Thursday, 8th December 2005
Major Electricity Users’ Group (MEUG)
Electricity consumers can protect their own interests
“Consumers are becoming increasingly concerned about the current high electricity prices”, said the Chair of the Major
Electricity Users’ Group Terrence Currie.
“Very low hydro inflows this year and concerns by generators about fuel costs next year have driven current spot prices
and forward prices for next year well above the underlying rate that underpins existing retail contracts for households
and commercial customers”.
“However the Electricity Commission advise there is almost no risk of blackouts next year so it is difficult to
understand why prices are so high today, stated Mr Currie.
“Large electricity intensive industry and commercial users exposed to the spot market have already felt the bite of high
prices. Anecdotal reports indicate demand reductions in excess of 2% from that sector as a whole have already been made.
High spot prices feed quickly into higher hedge prices for those consumers. The electricity pricing fiascos of 2001 and
2003 damaged the credibility of New Zealand as a country to invest in and major customers are looking at ways to
mitigate the impact of the current prices.
“If it rained, the lakes replenished closer to average levels for this time of year and suppliers re-assessed their own
risk for next year as less extreme, then spot prices and forward prices would decrease and retail price increases might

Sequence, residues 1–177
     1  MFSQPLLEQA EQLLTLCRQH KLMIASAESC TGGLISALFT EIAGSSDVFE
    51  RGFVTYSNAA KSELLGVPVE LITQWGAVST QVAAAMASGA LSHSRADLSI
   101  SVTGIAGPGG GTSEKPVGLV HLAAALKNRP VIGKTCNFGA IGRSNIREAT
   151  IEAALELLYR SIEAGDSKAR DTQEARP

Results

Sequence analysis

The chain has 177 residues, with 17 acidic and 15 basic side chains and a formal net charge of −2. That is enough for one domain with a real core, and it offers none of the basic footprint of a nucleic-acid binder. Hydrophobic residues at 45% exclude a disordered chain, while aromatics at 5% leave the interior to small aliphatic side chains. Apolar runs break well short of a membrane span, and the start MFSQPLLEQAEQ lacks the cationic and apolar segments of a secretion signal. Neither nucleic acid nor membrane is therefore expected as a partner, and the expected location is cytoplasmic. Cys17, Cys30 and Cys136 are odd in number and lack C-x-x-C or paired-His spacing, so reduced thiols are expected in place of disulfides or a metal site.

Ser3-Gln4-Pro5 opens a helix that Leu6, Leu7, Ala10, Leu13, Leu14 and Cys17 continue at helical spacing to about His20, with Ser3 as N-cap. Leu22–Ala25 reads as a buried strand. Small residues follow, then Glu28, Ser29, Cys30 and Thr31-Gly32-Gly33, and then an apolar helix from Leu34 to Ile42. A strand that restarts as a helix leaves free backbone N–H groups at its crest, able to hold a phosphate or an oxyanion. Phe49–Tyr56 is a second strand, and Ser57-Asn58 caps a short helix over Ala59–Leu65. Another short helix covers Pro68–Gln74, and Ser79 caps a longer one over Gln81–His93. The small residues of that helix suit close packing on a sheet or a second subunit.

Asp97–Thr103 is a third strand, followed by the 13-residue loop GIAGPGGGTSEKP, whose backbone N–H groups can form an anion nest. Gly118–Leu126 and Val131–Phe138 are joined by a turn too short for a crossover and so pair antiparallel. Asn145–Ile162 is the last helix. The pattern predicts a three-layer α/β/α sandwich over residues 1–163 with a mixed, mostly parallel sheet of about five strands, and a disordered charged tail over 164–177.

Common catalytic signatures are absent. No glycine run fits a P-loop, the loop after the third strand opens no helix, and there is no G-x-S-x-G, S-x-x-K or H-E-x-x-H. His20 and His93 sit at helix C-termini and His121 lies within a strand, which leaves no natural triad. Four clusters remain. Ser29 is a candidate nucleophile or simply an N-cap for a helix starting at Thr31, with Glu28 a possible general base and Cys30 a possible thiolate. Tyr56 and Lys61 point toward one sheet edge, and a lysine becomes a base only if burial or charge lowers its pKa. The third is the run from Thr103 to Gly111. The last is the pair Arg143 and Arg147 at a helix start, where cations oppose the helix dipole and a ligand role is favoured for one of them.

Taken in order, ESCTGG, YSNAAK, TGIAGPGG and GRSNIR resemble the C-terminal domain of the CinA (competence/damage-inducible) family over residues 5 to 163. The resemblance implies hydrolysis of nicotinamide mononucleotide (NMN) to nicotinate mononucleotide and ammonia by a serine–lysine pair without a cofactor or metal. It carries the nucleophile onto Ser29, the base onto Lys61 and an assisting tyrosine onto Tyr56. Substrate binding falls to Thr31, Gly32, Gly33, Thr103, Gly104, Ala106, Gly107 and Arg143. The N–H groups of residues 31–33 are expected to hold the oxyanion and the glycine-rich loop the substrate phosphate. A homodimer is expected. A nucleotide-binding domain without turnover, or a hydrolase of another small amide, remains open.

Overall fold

It appears to MEUG that the prevailing attitude among policy makers is “to pray for rain” and that no other initiatives
are being contemplated.
“However in MEUG’s view there is also another short-term option whereby all households and commercial customers initiate
any quick and easy conservation savings. By saving demand now we will conserve lake storage, reduce the risk assessed by
suppliers next year and therefore help lower current spot and forward prices that will lead into future retail price
“Based on historical records for the last 74 years it is highly likely that we will have some heavy rain in the Southern
Lakes. Nevertheless we believe it is in the interest of the economy as a whole that all electricity customers and
households use electricity wisely and if possible make any quick and easy conservation savings.
“Large power users are highly incentivised to use power efficiently because of the immediate price impacts through spot
prices and the effect on hedge contracts. As well as some demand reductions other large power users have switched to
alternative fuels or increased on site generation.”
In concluding Mr Currie observed that It does appear to MEUG that the
Electricity Commission is faced with conflicting tasks of keeping downward pressure on electricity prices while being
prevented from undertaking any conservation activities until the storage levels are in serious crisis. It is not clear
to consumers that their interests are treated as paramount.